Geoffrey Dean reports back on a London Wine Fair masterclass on the differences between valley floor and hillside Napa Cabernet Sauvignons and discovers the many differences between the two distinct terroirs.
Looking at eight different Napa Cabernet Sauvignons is a good way to highlight the stylistic differences between hillside and valley locations.
Stylistic differences between Cabernet Sauvignons from hillside and valley floor vineyards in Napa were very evident during a tasting at the London Wine Fair. Of the 16 sub or ‘nested’ AVAs (American Viticultural Areas) within the federal Napa Valley AVA, five are hillside entities: Howell Mountain, Spring Mountain District, Mount Veeder, Diamond Mountain District and Atlas Peak. Pritchard Hill, where many prestigious wineries are located, is not an AVA, falling as it does under the St. Helena AVA.
Briefly, the hillside vineyards are characterised by greater variation in soils and orientation, are more exposed to winds and enjoy warmer nights but lower daytime temperatures.
The valley floor AVAs, such as Los Carneros, Yountville, Oakville, Rutherford, Stags Leap District and St. Helena, have mainly alluvial soils and cooler nights (leading to generally lower pH levels than in hillside vineyards). Some valley floor AVAs have lower temperatures than others, such as Wild Horse Valley, the coolest of all Napa AVAs.
The sheer number of these AVAs points to the region’s diversity, with each of the 16 possessing distinct attributes. Running through Cabernets from eight different AVAs is a good way to highlight some of them.
- Silverado Vineyards 2012, Coombsville AVA (valley floor): bright acidity, beautiful structured tannins, very dense mid-palate
- Trefethen Family Vineyards 2012, Oak Knoll District AVA (valley floor): pure red and black fruit, very subtle oak expression, quite delicate tannin profile, “simple but in a wonderful way” (veteran Napa winemaker, Rosemary Cakebread, Gallica, )
- Clos Pegase 2012, Calistoga AVA (valley floor): perfumed, floral, lush fruit from series of different vineyards, primarily sourced from Calistoga (which received AVA status in 2010); 79% Cabernet Sauvignon, with 11% Merlot, 7% Petit Verdot and 3% Cabernet Franc.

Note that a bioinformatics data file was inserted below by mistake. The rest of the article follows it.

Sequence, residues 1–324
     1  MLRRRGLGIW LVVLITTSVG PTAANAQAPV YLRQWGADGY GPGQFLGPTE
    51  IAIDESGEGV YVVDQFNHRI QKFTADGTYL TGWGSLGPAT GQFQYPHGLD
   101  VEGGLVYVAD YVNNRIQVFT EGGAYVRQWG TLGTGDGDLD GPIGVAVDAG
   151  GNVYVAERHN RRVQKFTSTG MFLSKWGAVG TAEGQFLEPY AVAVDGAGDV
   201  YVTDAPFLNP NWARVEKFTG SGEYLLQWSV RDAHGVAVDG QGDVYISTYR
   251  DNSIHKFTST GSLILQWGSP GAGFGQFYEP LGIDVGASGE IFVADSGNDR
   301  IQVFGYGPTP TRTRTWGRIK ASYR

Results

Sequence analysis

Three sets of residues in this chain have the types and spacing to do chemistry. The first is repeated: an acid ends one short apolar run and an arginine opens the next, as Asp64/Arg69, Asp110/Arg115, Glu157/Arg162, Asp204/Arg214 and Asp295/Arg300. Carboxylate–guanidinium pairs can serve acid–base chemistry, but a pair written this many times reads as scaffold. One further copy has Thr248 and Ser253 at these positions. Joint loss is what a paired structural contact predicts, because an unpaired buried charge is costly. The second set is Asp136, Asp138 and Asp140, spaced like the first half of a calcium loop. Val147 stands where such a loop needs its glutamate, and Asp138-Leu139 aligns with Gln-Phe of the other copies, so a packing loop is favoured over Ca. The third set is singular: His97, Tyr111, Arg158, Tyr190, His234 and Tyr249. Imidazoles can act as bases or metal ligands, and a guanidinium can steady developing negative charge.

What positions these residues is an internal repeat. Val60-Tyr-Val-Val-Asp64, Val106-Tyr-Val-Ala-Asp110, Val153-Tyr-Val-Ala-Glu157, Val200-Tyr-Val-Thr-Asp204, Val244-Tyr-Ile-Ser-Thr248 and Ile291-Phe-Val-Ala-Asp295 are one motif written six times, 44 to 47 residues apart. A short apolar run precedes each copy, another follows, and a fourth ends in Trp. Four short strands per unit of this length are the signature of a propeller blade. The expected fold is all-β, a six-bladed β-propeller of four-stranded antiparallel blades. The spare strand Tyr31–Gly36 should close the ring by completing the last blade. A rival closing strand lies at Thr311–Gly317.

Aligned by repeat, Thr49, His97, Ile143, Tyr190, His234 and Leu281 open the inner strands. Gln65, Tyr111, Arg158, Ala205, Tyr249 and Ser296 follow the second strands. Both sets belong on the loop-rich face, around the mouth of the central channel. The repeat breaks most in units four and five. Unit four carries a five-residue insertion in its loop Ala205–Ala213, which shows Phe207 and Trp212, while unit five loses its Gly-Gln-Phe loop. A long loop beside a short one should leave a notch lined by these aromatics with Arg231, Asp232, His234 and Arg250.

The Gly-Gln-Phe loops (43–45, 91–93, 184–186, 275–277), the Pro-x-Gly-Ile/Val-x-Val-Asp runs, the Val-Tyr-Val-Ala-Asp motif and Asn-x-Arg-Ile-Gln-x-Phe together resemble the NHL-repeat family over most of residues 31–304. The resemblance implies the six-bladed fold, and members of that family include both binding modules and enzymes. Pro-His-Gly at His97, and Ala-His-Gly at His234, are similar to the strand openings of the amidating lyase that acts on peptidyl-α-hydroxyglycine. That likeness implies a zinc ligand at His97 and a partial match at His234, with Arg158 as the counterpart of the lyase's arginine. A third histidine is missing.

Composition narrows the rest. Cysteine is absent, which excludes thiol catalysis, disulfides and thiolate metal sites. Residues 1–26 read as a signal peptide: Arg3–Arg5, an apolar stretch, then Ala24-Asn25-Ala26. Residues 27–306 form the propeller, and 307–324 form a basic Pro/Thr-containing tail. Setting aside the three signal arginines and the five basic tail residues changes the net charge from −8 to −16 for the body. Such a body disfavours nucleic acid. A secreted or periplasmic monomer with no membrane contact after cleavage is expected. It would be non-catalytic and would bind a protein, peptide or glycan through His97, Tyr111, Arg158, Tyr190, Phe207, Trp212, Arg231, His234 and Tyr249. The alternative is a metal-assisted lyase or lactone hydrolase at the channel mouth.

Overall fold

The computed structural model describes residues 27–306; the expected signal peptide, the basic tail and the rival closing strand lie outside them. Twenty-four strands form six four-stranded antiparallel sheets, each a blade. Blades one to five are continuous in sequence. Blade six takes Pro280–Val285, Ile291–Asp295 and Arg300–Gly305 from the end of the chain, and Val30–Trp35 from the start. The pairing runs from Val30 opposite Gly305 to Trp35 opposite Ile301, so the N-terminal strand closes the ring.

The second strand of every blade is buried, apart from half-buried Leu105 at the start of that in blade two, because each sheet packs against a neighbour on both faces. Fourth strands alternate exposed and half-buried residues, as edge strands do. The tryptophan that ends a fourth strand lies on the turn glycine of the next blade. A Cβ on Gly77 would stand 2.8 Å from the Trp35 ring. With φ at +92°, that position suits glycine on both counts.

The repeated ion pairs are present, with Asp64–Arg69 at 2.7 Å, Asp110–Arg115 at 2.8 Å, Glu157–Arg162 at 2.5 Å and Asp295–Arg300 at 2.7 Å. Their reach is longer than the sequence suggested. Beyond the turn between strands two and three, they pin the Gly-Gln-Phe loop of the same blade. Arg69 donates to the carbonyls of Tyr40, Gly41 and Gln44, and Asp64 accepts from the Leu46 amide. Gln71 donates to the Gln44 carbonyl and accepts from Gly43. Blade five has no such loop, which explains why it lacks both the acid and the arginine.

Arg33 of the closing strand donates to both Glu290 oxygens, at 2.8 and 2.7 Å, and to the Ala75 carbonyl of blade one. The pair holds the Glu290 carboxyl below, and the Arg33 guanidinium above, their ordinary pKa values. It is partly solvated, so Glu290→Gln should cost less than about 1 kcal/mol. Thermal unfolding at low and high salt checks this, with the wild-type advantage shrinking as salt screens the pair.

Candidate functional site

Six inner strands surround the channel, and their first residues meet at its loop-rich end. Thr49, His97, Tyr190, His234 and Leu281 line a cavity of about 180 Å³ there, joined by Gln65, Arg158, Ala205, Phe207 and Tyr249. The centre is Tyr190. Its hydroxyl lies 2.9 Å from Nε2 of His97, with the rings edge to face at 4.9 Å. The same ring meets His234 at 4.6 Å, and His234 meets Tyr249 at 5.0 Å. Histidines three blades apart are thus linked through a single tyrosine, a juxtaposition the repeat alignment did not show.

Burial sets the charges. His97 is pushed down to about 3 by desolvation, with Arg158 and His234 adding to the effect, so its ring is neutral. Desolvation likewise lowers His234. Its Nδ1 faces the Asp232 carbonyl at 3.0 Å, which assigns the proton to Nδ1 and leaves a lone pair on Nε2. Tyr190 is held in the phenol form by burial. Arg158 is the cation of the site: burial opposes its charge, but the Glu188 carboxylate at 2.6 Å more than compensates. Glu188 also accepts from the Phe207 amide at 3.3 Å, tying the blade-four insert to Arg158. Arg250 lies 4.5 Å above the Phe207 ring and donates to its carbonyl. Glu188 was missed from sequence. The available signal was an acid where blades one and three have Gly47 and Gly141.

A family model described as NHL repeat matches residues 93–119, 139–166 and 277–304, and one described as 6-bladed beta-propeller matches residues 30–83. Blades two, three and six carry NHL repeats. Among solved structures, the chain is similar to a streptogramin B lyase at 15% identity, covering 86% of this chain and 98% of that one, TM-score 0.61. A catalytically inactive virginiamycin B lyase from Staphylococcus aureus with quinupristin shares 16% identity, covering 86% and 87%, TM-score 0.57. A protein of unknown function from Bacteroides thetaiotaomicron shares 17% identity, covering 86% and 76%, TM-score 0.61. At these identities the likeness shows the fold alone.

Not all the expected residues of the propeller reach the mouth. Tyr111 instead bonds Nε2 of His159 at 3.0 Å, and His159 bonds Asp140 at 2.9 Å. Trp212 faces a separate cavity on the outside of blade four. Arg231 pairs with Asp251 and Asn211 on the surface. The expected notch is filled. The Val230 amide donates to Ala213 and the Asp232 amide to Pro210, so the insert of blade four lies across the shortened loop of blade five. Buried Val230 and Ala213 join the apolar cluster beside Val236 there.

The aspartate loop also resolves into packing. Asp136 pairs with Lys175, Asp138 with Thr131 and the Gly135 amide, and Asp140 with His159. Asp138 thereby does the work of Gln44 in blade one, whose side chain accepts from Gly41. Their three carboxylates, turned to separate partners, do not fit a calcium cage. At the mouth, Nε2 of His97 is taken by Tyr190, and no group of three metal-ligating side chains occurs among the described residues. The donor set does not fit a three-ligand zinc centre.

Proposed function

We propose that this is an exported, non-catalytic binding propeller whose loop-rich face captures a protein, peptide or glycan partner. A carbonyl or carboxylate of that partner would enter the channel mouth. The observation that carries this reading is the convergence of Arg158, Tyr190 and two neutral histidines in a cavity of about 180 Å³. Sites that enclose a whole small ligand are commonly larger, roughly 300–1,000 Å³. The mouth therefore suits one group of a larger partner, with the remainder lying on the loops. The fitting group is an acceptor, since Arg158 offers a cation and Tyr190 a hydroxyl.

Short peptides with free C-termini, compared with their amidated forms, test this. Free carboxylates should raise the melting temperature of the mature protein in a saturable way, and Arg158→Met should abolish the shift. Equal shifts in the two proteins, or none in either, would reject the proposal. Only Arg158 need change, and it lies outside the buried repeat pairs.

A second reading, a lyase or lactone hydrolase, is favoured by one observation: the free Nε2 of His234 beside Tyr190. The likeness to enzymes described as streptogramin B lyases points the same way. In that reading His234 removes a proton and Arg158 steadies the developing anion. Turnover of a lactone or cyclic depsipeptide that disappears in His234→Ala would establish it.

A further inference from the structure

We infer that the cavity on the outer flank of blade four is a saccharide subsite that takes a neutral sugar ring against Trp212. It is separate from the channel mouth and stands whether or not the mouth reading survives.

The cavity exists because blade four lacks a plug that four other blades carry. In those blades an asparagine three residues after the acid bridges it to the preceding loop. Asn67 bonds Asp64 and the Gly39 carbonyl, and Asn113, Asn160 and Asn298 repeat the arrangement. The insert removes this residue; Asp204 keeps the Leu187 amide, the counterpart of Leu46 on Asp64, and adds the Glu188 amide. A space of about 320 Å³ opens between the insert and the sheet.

- Darioush 2012, Mt Veeder AVA (hillside): a statement wine with winemaker looking for power (big meat wine that needs time as the tannins are overt); huge intensity of flavour, yet some delicacy with layers of complexity and great length; 100% new French oak used (Taransaud).
- Gallica 2012, Oakville AVA (valley floor): opulent and voluptuous with soft tannins; medium to full-bodied with lovely cedar wood and forest floor notes and blackcurrant fruit. Made by Cakebread.
- Stony Hill 2012, Spring Mt AVA (hillside): considered one of the great Napa properties (famous for Chardonnay and Riesling); dry-farmed (which is unusual); old barrels used to accentuate fruit, with fresh blueberry notes giving tartness; youthful tannins from 8-year old vines; 13.3% abv.
- Viader Liquid Cashmere 2013, Howell Mt AVA (hillside): 53% Cabernet Sauvignon, 47% Cabernet Franc; elegance and harmony from the split cepage, with firm structure from the steep, rocky volcanic soils; full bodied, big and spicy with black pepper, coffee and tobacco notes.
- Spring Mountain Vineyard 1998, Spring Mt District AVA (hillside): one of the oldest and most iconic wineries in Napa; very sought-after Cabernet Sauvignon (has a dash of Merlot and Petiti Verdot); 61% from top La Perla vineyard; 22 months in 100% new French oak; 1998 considered a most difficult vintage at the time (like 2011) but this wine “awesome now” in Cakebread’s view.